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Diversity and distribution of Phytophthora species in association with water quality and the health of trees in fragmented riparian ecosystems

Burgess, T.ORCID: 0000-0002-7962-219X, Klunzinger, M., White, D., Lymbery, A.ORCID: 0000-0002-0542-3446 and Hardy, G. (2012) Diversity and distribution of Phytophthora species in association with water quality and the health of trees in fragmented riparian ecosystems. In: 6th International Union of Forest Research Organisations,IUFRO Working Party 7-02-09, 9 - 16 September, Córdoba, Spain.


The riparian zone in Western Australia is dominated by Eucalyptus rudis in a similar manner to Alnus spp. in Europe. For the last 20 years the health of these trees have been declining. This is attributed to an endemic leaf sucking Psyllid, however contributing factors could be an increase in the salinity of the waterways or the presence of a root pathogen, both of which would reduce the health of the trees. We sampled 25 sites along different rivers and streams in the southwest of Western Australia. At each site we recorded tree health, determined water quality and filtered water for the isolation of pythiaceous oomycetes. There was considerable variation in water quality (pH and salinity) and the health of the adjacent E. rudus, however the poor health w as not related to low water quality. There was also considerable variation in the number of colony forming units (from 1.33 to 90 L‐1), the proportion of Phytophthora compared to Pythium isolates (from 0‐100%) and the species biodiversity. In general, far more isolates were obtained from low quality water, except for when the pH was greater than 8.5. Water quality did not effect the proportion of Phytophthora isolates. Phytophthora species isolated included P. thermophila, P. fluvialis, P. amnicola and hybrids between these species. Additionally, numerous isolates of P. taxon salixsoil were obtained. Remnant sites closer to the urban area contained predominantly P. thermophila while P. taxon salixsoil predominated on the more southerly sites from remnants within agricultural zones. The link between tree health, water quality and associated pythiaceous populations was not established in this study.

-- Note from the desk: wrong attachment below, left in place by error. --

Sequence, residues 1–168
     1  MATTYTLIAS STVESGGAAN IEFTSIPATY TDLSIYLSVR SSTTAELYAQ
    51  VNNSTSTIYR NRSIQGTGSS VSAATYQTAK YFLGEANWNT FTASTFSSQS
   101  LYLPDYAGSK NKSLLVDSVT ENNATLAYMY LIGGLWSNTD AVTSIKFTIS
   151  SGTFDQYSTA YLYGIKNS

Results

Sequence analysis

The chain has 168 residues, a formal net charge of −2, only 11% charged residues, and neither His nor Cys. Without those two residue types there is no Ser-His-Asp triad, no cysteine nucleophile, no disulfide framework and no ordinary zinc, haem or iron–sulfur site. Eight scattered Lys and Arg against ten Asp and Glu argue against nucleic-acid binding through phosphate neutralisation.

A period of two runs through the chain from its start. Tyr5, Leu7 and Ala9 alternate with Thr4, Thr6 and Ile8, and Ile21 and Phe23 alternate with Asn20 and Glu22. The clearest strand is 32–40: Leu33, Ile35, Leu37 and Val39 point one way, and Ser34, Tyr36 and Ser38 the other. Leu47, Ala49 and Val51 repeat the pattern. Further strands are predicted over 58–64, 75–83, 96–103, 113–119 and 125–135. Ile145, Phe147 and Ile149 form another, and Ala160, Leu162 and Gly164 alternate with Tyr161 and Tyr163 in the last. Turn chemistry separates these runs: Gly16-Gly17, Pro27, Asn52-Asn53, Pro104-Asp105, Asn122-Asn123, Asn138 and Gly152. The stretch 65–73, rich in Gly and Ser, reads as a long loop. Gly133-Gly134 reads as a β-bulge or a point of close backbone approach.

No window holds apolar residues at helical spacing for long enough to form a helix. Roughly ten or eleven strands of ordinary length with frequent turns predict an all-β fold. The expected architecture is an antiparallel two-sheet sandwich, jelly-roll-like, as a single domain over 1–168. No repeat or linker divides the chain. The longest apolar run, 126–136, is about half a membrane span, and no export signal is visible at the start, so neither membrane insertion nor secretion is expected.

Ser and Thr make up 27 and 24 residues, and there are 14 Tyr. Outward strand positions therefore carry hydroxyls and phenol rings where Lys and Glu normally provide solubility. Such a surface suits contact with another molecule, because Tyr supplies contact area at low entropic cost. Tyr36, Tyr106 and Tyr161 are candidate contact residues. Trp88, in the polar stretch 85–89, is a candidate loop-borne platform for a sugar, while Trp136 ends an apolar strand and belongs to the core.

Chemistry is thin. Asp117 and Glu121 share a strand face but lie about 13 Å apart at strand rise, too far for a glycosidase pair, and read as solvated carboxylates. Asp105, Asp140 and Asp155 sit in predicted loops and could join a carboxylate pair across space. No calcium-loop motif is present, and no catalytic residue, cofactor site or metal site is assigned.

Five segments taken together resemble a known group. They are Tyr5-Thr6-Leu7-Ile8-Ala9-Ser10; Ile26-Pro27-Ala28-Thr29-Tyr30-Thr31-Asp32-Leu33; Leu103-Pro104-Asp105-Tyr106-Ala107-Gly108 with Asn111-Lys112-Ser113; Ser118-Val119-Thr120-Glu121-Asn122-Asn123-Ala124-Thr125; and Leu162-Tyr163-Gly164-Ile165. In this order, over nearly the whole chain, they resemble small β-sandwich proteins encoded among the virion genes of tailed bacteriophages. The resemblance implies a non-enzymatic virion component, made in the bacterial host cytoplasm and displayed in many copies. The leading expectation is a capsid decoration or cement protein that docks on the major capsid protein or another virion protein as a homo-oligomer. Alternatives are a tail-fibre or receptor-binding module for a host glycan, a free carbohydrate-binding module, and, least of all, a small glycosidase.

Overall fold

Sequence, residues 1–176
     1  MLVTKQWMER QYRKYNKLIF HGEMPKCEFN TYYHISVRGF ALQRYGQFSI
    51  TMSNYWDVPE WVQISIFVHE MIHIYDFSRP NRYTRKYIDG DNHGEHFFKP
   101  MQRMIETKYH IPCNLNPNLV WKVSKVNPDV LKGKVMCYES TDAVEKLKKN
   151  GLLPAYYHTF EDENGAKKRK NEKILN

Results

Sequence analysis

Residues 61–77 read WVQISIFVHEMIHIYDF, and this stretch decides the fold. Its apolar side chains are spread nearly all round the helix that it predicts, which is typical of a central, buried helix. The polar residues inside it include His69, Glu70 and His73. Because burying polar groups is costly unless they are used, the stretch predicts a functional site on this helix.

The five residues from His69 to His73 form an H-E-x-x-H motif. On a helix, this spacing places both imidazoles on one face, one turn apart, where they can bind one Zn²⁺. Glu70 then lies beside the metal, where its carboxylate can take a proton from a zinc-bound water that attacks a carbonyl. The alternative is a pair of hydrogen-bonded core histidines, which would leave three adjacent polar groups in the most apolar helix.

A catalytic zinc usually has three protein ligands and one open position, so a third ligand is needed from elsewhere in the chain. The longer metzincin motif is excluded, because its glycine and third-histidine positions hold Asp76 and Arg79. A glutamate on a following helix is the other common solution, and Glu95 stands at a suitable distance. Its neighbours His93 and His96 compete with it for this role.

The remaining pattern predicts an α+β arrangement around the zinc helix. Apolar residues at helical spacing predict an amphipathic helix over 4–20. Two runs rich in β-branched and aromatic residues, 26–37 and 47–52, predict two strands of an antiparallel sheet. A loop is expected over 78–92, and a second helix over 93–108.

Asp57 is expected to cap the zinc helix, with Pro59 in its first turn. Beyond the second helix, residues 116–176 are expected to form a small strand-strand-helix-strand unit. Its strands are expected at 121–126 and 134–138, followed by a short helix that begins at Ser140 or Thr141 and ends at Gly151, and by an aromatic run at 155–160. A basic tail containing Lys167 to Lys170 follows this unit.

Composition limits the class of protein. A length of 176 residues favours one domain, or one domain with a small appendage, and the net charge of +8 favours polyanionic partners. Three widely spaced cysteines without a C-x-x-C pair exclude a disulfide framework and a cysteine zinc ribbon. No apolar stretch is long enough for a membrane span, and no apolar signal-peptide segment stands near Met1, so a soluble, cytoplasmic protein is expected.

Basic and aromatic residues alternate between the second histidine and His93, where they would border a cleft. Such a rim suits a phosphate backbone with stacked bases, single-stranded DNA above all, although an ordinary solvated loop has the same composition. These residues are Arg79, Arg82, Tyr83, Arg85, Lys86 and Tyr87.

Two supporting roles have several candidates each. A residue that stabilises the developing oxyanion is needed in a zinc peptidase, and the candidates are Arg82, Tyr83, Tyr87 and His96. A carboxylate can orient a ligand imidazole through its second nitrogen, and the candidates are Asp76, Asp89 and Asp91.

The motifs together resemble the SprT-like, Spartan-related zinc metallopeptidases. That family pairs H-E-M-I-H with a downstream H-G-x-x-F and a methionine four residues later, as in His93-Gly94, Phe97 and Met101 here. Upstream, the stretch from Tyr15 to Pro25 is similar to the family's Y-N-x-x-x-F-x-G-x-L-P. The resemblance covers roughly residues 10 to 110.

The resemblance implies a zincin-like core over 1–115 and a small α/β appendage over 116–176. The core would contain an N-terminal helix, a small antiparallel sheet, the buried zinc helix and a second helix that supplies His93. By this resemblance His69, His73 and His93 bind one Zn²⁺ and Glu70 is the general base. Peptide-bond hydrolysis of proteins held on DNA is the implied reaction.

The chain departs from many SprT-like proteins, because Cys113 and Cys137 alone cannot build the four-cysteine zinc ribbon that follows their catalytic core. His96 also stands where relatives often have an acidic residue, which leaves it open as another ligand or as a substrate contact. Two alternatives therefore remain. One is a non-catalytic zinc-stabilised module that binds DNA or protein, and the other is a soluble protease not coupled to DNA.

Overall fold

Item Type: Conference Item
Murdoch Affiliation(s): Centre for Phytophthora Science and Management
School of Biological Sciences and Biotechnology
Notes: Poster
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